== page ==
‘One on One’ with David Murphy

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It has been a while since we have had a ‘One On One’ profile and after a couple of beers with David Murphy after a recent raceday I thought it would be great to learn a bit more of his background as he is a very good trainer who seems to have a constant flow of good results with a relatively small team.

He is a well-respected bloke and a guy who would have a bit of fun around the track.

 

Gibbo: Thanks for catching up with us David. First off where you born and raised mate?

David:

No worries Gibbo, nice to catch up.

My Family was born in Cribb Island and raised in Cribb Island and then moved to Brisbane.

David Murphy

 

Gibbo: How did you first get into racing? I believe it was through riding?

David:

Many reasons and influences were behind me getting into racing.  I was small in size so that suited the industry, my cousin Peter Murphy was a Jockey, my uncles Reg Fleming and Ralph Murphy were trainers and my uncle Dudley Murphy was also a Jockey – and though he lost his life through a fall in a race on Exhibition Wednesday in August, 1952 at Eagle Farm – this did not deter my drive to be a jockey.

My first experience was when I moved to Sydney to ride work with Theo Green who had so many great apprentices, Darren Beadman, Malcolm Johnson, Ronnie Qinton just to name a few.  Then I moved back to Brisbane where I was apprentice to my Uncle Reg Fleming.

 

Gibbo: Do you really miss the race riding or are you enjoying the challenge of training?

David:

At first I missed it terribly; I couldn’t even go to the track because I couldn’t stand seeing what I was missing out on.  You just want to get amongst it!  But the reality was that I got to heavy and life goes on.

Do I enjoy the challenge of training?  I love it!  It is hard work with a small team and the big guys just keep getting bigger.  Hopefully the next few months will see a few more winners on the board from my stable.

 

 

 

 

Gibbo: You were riding for Reg Fleming? And then when weight got the better of riding you starting working for Bart Cummings? Around what age was that?

David:

Yes I was riding for Reg and then when the weight got the better of me, being heavy limited my opportunities.  I rode for a year or two as a Senior Jockey and it was a struggle.  At 23 I moved to Melbourne to ride the hurdles for Bart Cummings.

 

Gibbo: After the stint with Bart where did racing take you?

David:

I went to Dubai for around 7 years and rode work, rode in the amateur races and worked the barriers.  I worked for two different South African Trainers and learnt a hell of a lot.

I also went to Malaysia and was offered a job in Ipoh which I declined and headed home to Hendra, Australia to train under my own stables.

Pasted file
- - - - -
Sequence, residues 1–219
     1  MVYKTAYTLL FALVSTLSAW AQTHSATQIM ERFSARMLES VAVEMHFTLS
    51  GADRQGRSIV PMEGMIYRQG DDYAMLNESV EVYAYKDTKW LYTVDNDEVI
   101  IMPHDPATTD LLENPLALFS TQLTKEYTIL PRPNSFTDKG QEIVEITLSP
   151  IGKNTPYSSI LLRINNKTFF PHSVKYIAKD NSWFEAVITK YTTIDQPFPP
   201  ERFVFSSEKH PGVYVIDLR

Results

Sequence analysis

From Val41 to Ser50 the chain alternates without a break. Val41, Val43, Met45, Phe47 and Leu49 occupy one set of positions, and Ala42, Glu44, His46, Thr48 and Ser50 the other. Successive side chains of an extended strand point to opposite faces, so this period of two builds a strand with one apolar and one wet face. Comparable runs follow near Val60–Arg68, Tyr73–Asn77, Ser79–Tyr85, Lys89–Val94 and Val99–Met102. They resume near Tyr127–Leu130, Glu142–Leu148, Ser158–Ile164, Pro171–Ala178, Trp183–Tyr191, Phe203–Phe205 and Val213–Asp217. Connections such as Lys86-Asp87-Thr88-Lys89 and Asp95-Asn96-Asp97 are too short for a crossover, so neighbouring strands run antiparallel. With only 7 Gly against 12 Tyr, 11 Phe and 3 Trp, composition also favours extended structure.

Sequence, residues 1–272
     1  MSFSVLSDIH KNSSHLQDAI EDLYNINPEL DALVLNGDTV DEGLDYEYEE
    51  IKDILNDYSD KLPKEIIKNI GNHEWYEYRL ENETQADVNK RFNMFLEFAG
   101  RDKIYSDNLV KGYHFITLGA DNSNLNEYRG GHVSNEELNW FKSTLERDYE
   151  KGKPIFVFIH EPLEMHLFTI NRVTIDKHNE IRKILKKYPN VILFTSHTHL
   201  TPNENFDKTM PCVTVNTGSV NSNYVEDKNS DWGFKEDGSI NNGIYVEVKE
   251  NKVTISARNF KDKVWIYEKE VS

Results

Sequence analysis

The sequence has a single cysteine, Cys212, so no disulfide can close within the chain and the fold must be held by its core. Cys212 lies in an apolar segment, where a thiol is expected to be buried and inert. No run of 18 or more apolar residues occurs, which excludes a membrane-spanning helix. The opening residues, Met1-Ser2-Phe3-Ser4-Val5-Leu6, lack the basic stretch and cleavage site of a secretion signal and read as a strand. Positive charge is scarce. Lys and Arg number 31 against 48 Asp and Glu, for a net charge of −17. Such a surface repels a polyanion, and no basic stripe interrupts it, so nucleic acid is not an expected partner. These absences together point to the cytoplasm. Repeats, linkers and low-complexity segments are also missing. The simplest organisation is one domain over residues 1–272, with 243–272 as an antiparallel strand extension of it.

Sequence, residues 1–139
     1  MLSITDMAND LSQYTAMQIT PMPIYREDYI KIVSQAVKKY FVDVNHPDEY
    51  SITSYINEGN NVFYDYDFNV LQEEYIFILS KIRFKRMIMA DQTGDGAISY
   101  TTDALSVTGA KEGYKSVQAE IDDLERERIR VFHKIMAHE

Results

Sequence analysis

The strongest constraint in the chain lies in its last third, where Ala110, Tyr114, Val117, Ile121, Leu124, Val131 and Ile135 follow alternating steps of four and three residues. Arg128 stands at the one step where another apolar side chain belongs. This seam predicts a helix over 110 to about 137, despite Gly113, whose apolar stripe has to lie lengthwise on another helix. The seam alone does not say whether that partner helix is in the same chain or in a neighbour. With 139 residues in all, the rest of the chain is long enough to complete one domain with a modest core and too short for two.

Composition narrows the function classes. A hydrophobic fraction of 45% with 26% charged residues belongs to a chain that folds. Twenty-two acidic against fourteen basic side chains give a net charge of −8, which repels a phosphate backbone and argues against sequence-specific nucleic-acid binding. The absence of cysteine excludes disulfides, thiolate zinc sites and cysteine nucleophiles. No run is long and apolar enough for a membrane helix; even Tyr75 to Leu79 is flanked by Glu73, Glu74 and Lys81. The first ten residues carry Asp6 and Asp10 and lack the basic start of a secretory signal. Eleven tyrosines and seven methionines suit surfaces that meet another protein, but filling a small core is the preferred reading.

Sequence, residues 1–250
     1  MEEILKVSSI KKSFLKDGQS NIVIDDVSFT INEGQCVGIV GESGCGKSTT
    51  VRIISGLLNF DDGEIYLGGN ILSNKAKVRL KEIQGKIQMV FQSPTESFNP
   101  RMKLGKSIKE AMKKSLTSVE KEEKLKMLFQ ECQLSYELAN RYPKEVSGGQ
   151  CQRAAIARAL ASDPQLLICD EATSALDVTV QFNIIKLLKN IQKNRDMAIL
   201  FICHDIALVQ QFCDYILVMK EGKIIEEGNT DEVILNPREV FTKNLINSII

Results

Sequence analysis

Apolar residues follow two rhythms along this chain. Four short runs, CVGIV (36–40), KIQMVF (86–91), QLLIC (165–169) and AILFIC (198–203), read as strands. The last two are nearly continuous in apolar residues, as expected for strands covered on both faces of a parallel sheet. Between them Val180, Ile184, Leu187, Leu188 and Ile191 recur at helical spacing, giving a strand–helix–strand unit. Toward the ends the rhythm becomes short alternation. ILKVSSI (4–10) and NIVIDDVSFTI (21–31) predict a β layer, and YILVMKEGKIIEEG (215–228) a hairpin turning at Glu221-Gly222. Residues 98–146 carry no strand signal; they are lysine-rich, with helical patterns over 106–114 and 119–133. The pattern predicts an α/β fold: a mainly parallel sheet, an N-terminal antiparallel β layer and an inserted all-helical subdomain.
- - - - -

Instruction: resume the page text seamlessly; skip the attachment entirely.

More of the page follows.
Gibbo: How many do you have in your stable and what is the number you would like to have in the future?

David:

Currently I have 13 in my stable and my stable has the capacity for 16.  I am very lucky that my stable always has a good number of horses and with a good success rate.  My ideal number is anything from 13 to 16 so I am pretty happy how things are going.  More importantly is that my team are able to attend to 16 horses at any one time, so having our stable at capacity still means that each and every horse is trained to its full capacity.

 

Gibbo: What is the best horse you have had anything to do with? And what made it so good?

David:

Without a doubt – Never Under Charged.  This was the first horse I galloped for Bart Cummings in Melbourne.  As a two year old it had two runs, a first and a last.  It came back as a three year old and no one liked it – I did though – and it won something like six in a row.  One win was the Stradbroke Handicap sitting five deep the entire.  No better feeling when you know a horse has got potential and everyone is telling you that it hasn’t then next thing it achieves what seems the impossible.  That is racing – winners are addictive.

 

 

Gibbo: If you weren’t a trainer what would David Murphy be doing with himself?

David:

A publican, my uncles Harry Geiger & Nick Geiger were both publicans.  My pub would definitely have a TAB in it though.

 

Gibbo: Any hobbies outside of racing you enjoy?

David:

I follow the Rugby League and also enjoy following and going to Boxing / Fight Nights.  I have a large circle of friends in the Boxing community and my good mate Brian Webb runs the Fortitude Boxing Gym in the Valley.

 

Gibbo: What’s your play if you are down to your last $100?

David:

Hopefully it will never happen – but if it did then, when in doubt back the top weight!

 

Gibbo: Thanks for giving us some time mate, I am sure people will have enjoyed the read and the chance to find out a bit about your background.

 

I’m sure everyone wishes David Murphy and his team all the best in the future. I know I will be catching up for more beers around the track where possible and a chin wag about the ‘nags’.

 

Check out David’s  website by clicking on his picture or this link:

http://www.murphyracing.com.au/